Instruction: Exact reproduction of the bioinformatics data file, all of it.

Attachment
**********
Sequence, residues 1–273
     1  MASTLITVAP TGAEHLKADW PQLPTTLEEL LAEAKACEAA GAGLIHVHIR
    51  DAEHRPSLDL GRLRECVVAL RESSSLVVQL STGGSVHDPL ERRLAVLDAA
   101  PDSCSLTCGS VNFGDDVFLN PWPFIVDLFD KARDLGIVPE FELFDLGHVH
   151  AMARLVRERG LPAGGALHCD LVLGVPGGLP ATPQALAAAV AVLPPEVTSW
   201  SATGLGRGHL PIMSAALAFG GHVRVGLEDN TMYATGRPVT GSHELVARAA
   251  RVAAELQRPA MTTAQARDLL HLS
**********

Sequence, residues 1–273
     1  MASTLITVAP TGAEHLKADW PQLPTTLEEL LAEAKACEAA GAGLIHVHIR
    51  DAEHRPSLDL GRLRECVVAL RESSSLVVQL STGGSVHDPL ERRLAVLDAA
   101  PDSCSLTCGS VNFGDDVFLN PWPFIVDLFD KARDLGIVPE FELFDLGHVH
   151  AMARLVRERG LPAGGALHCD LVLGVPGGLP ATPQALAAAV AVLPPEVTSW
   201  SATGLGRGHL PIMSAALAFG GHVRVGLEDN TMYATGRPVT GSHELVARAA
   251  RVAAELQRPA MTTAQARDLL HLS